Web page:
US 3831089 A
A multi-test, handheld instrument for testing the continuity of an electrical circuit utilizes an indicator lamp which lights when continuity is present. The instrument also serves as a voltmeter by causing a neon lamp to flash at a rate dependent upon the impressed voltage. The instrument contains a battery as its power source and is arranged to prevent discharge of the battery when the test leads are inadvertently or deliberately shorted together.
Claims available in
Description (OCR text may contain errors)
Staes Patent 11 1 ihllifi 201 Pearce 1451 Aug. 20, 1974 CONTINUITY TESTER  Inventor: George Pearce, 5 Elm St., Wenham,
Mass. 01923  Filed: Oct. 10, 1973  Appl. No.: 404,851
Related US. Application Data  Continuation of Ser. No. 173,536, Aug. 20, 1971,
52 us. (:1 324/122, 324/51, 324/133, 340/252 R 51 1m. (:1. con 31/02, GOlr 19/14  Field of Search 324/122, 133, 51; 340/252 R, 255, 256
 References Cited UNITED STATES PATENTS Abrahamson 324/133 3,524,133 8/1970 Arndt 324/122 Primary ExaminerA1fred E. Smith Assistant Examiner-Ernest F. Karlsen Attorney, Agent, or FirmCharles Hieken; Jerry Cohen 5 7 ABSTRACT A multi-test, handheld instrument for testing the continuity of an electrical circuit utilizes an indicator lamp which lights when continuity'is present. The instrument also serves as a voltmeter by causing a neon lamp to flash at a rate dependent upon the impressed voltage. The instrument contains a battery as its power source and is arranged to prevent discharge of the battery when the test leads are inadvertently or deliberately shorted together.
5 Claims, 5 Drawing Figures CONTINUITY TESTER This is a continuation of application Ser. No.
173,536, filed Aug. 20, 1971, now abandoned.
FIELD OF THE INVENTION This invention relates in general to multi-test instruments of the type used to ascertain the presence of voltage or determine whether a complete electrical circuit exists. More particularly, this invention is concerned with a simple, rugged multi-tester which can stand up to the rough usage commonly accorded to portable test instruments by maintenance and service personnel. Rather than employ delicate meter movements, the invention employs indicator lamps which are better able to withstand rough handling.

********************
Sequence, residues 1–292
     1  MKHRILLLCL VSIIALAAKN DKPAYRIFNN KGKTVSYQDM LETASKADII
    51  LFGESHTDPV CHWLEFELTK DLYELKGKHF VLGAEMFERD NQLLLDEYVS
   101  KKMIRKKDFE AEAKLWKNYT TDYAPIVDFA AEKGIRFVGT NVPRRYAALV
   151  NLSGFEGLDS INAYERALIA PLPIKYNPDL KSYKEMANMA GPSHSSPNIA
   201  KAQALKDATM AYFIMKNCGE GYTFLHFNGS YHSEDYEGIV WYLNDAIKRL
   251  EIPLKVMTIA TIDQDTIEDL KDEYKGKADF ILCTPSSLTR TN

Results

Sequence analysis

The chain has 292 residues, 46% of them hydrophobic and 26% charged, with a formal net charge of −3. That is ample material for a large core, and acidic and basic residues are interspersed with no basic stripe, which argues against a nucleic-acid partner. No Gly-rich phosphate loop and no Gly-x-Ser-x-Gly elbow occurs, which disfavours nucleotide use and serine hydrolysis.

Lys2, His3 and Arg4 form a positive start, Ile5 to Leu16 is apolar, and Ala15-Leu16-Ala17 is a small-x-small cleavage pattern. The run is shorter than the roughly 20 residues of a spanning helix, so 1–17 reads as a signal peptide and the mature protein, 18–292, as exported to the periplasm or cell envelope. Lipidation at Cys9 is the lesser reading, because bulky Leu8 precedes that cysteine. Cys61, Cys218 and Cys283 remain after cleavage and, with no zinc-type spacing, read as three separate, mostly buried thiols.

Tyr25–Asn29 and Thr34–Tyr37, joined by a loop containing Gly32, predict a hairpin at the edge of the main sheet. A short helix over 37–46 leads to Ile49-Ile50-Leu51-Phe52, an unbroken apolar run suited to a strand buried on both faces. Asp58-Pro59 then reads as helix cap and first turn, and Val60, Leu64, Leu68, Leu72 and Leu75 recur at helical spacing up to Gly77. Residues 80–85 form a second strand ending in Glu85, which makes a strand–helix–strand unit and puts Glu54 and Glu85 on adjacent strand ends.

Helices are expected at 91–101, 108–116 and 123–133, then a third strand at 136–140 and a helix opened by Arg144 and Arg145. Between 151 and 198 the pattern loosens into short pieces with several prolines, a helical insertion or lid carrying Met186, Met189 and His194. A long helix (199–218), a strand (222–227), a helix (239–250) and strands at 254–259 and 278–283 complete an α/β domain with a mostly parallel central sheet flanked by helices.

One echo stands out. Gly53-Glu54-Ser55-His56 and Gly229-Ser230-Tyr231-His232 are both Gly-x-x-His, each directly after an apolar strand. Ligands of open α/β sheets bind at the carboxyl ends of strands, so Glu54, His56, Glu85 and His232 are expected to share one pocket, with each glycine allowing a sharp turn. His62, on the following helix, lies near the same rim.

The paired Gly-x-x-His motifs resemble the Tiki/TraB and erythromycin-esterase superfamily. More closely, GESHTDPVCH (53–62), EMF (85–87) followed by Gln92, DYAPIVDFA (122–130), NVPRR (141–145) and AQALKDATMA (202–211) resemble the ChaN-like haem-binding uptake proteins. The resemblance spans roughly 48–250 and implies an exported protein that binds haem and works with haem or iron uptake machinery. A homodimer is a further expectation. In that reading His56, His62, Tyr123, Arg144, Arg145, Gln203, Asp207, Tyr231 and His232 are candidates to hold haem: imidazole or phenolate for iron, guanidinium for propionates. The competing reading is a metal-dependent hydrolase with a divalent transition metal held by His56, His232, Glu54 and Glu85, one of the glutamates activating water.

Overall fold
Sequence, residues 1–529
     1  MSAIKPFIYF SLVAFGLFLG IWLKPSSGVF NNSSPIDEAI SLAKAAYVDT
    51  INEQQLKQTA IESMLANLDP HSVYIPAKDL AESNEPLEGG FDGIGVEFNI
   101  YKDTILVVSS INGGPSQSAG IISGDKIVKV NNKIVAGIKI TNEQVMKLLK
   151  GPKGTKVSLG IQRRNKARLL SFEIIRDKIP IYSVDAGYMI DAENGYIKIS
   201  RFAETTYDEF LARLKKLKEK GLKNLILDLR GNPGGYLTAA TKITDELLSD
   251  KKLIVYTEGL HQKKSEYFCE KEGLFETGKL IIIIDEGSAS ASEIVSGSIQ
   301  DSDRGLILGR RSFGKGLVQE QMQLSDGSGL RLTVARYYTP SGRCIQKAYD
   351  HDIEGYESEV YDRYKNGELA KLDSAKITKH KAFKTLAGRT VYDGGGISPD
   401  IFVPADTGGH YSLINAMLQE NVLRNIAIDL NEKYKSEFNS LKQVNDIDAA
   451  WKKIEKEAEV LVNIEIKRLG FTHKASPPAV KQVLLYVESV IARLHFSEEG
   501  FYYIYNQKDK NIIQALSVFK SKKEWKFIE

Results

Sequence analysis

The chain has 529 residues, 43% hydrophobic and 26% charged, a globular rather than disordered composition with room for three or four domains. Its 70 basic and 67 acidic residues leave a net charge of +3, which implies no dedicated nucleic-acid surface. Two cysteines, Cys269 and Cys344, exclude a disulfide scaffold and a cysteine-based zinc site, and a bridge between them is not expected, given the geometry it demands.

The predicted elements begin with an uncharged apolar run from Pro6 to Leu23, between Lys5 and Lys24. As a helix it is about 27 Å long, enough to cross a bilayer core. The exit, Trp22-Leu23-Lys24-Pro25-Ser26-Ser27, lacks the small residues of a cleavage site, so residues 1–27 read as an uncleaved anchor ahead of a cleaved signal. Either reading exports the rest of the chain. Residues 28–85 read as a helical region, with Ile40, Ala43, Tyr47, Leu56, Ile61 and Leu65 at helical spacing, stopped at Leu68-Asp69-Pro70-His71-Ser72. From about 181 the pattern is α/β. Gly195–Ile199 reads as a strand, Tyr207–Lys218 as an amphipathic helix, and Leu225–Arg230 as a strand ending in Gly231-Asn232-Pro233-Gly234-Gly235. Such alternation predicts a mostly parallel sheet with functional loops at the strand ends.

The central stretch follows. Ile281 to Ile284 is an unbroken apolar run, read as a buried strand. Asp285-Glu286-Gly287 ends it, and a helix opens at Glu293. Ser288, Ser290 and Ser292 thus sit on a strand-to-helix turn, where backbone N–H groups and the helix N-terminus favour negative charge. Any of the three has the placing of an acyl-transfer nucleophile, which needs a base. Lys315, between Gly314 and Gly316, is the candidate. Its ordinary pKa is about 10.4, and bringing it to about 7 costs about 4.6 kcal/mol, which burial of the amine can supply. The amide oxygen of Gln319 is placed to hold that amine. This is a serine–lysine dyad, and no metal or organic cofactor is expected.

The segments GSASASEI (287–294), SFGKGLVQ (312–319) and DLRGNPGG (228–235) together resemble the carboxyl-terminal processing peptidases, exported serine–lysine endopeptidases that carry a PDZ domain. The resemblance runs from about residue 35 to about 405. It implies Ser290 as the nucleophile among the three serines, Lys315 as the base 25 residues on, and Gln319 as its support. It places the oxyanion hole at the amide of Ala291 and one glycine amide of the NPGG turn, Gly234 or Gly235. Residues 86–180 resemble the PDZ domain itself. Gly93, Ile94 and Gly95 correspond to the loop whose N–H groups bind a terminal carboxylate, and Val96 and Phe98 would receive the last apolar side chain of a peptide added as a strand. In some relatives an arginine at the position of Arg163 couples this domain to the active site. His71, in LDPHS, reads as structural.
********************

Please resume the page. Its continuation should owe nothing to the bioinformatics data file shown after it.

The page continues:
BACKGROUND OF THE INVENTION Continuity testers are known which utilize meters, buzzers, or lamps to indicate the presence of a complete circuit. The conventional continuity tester commonly employs a battery which can be completely discharged where the robes are shorted together for an extensive period. The accidental discharge of the battery is a not uncommon occurrence where the continuity tester is carried about in a tool box and the leads are inadvertently shorted. In the maintenance and servicing of electrical apparatus, it is often more important to ascertain whether electrical power is present rather than obtain an exact measure of the voltage. The magnitude of the voltage is, in many instances of secondary importance and a rough estimate of the voltage is often sufficient. Further, in some instances, unexpectedly high voltages have been encountered which have damaged the conventional voltmeter because it was not set to the appropriate range. There is therefore a requirement for a self-contained, portable instrument for continuity testing which is rugged and reliable and includes a simple voltage indicator.
OBJECTS OF THE INVENTION THE INVENTION The invention resides in a compact, self-contained,